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Government and People
TESTIMONY BEFORE THE COUNCIL OF THE DISTRICT OF COLUMBIA
COMMITTEE ON PUBLIC WORKS AND THE ENVIRONMENT
CAROL SCHWARTZ, CHAIRPERSON
MARCH 17, 2004
"Performance Oversight of the District of Columbia Water and Sewer Authority and its Lead Service Replacement
Good afternoon, Chairperson Schwartz and other Committee members. Thank you for the opportunity to testify today. My name is Linda Fennell. I am the Environmental Justice Organizer for the Sierra Club. My office is located in Anacostia and I am also an east of the River resident. I am here today to speak to the environmental justice issues relating to this water crisis. As the Environmental Justice Organizer, I am analyzing the economics and accessibility of services as a result of the lead problem.
From the environmental justice aspect, I would like to offer several suggestions by which at-risk and underserved communities can be better served. First, the economic burden of purchasing water must be addressed. Seniors and low income families are not able to easily adjust to the additional cost of purchasing bottled water, flushing pipes and filtering water, which are the recommended corrective actions.
Therefore, I suggest that the Department of Human Services and the Council provide extra funds to the Electronic Benefits Transfer allotments to purchase bottled water. The amount of money should cover the cost for the family to purchase at least three cases of water until the problem is resolved. When this is approved, all intake personnel, WIC/Supplemental Foods personnel, and community organizations that work with at "risk families" and seniors should notify their clients as to the availability of these funds.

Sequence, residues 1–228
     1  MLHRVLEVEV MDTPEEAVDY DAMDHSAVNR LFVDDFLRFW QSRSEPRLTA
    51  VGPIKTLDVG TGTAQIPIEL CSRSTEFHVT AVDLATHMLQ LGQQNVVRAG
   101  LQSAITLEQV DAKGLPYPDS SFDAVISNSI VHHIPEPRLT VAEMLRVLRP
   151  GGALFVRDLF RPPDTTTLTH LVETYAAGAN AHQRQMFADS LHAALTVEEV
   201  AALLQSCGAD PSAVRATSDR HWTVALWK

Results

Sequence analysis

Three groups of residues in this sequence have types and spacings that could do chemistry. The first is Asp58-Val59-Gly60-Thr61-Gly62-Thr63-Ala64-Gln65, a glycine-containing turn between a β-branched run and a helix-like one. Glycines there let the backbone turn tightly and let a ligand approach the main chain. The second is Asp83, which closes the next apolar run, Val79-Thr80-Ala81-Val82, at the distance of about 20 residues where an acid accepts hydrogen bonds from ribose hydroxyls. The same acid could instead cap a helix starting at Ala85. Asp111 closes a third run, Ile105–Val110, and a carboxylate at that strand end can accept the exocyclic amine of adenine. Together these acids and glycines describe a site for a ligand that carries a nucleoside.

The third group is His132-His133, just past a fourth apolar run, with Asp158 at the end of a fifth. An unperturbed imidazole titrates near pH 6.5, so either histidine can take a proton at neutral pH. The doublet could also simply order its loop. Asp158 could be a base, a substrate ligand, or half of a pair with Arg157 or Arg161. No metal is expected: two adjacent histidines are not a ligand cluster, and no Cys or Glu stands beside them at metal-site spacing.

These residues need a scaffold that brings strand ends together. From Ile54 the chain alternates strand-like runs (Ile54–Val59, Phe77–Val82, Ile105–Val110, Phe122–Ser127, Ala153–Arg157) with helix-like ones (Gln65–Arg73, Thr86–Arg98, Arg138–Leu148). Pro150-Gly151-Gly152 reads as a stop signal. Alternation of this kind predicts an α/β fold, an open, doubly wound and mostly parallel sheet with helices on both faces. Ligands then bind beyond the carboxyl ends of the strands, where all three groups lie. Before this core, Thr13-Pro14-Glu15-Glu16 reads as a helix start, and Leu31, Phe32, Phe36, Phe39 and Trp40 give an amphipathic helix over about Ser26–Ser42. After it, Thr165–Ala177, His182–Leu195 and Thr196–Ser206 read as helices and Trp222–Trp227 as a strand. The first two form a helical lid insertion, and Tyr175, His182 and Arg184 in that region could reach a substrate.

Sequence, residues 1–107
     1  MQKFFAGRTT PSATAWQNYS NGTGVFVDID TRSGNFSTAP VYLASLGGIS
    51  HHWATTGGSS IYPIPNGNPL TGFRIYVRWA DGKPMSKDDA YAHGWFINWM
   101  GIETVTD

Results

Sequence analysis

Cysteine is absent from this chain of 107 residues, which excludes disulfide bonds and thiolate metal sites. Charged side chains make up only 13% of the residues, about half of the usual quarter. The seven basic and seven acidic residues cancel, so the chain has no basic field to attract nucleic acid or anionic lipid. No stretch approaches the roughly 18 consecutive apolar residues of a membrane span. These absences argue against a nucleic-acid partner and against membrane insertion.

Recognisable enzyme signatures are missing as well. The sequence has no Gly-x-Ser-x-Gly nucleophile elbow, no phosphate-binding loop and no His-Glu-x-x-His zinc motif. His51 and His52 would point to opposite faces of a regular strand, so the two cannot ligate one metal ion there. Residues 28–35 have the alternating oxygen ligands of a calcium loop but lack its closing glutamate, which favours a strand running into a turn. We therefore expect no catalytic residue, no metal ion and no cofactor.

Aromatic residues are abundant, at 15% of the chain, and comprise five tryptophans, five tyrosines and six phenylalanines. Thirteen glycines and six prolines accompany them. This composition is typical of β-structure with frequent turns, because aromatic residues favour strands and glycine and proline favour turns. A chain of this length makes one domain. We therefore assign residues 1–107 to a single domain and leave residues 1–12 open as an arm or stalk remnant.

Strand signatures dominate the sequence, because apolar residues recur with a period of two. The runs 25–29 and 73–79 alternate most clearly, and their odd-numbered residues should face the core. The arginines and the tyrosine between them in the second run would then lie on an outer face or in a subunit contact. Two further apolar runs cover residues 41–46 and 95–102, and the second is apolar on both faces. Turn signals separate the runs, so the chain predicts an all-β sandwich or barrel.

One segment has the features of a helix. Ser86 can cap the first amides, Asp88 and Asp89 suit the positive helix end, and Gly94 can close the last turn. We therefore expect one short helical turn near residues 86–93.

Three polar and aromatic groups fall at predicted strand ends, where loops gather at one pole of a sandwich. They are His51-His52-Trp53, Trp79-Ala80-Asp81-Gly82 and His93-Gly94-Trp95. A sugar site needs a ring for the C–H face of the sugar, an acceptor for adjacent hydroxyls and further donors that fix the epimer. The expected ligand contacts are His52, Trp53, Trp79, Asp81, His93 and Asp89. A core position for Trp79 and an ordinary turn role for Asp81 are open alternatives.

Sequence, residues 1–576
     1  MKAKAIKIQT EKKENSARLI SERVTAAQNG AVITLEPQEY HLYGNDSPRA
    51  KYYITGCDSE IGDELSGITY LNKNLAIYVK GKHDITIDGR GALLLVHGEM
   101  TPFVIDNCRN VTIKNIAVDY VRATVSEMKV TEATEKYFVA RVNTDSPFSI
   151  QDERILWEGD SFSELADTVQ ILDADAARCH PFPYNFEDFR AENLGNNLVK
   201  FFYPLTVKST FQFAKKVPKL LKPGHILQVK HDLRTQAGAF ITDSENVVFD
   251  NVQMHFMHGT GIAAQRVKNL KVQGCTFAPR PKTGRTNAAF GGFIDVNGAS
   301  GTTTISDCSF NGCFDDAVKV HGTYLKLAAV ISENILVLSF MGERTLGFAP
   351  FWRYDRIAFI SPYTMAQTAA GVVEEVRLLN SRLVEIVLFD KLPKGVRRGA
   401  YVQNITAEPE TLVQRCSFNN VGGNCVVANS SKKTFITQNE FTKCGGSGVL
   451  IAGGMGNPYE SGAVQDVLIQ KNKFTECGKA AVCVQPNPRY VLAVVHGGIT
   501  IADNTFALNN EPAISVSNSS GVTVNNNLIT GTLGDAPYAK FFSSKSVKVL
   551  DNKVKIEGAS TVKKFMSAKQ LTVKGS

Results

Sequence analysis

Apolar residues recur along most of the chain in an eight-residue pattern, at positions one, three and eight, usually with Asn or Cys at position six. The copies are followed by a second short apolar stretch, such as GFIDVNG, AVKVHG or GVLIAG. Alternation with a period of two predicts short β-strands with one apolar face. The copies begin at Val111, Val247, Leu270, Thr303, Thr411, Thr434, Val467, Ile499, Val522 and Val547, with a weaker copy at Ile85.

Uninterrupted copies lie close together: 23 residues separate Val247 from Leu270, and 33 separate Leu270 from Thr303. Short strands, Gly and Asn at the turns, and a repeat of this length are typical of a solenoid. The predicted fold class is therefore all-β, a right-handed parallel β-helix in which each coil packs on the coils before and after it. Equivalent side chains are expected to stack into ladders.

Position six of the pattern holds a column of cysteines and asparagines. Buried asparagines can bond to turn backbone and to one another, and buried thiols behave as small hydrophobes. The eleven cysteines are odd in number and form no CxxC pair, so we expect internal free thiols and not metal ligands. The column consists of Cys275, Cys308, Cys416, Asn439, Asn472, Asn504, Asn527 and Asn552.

Secondly, locations for blood screening that are east of the River should be established so that our residents can be adequately served. The Chartered Health Facilities located east of the River should be used for blood screening. Further, with the permission of the parents, health officials could use the schools for free blood screening. Additionally, WASA has an office located in the Penn Branch area that can be utilized.
As you probably have already heard or will hear, clarity and accuracy of information is needed. Seniors and boiling water. Mothers are boiling water for formula. At risk families are not flushing and they are not filtering. They are not reading material. It is important that a single-unified message of instruction that does not contradict what EPA recommends be developed. At the present, our residents are unclear as to what EPA really recommends.
During this crisis, those who can least afford to defend themselves must be protected. The Environmental Justice Office stands ready to work with government officials and present further recommendations.
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